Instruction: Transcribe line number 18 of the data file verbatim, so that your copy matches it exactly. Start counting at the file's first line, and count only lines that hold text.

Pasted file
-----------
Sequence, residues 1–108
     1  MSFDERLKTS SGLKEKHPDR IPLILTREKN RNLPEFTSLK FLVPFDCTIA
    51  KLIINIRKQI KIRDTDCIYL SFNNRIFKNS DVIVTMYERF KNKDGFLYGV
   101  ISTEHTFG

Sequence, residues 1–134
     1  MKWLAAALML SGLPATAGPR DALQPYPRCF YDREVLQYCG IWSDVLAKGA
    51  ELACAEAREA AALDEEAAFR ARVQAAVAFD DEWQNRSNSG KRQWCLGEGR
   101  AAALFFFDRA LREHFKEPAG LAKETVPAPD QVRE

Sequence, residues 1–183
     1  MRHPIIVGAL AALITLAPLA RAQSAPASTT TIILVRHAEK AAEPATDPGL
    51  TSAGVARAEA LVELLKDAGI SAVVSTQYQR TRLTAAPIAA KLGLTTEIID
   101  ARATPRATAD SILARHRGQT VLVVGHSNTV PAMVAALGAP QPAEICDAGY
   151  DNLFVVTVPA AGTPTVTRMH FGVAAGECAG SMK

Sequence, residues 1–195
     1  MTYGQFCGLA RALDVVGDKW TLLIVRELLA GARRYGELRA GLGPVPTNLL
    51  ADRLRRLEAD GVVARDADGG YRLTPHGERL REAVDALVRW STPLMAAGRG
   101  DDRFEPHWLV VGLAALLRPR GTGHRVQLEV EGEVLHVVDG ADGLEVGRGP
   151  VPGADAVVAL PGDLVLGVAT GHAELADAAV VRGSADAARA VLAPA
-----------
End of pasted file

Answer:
   151  VPGADAVVAL PGDLVLGVAT GHAELADAAV VRGSADAARA VLAPA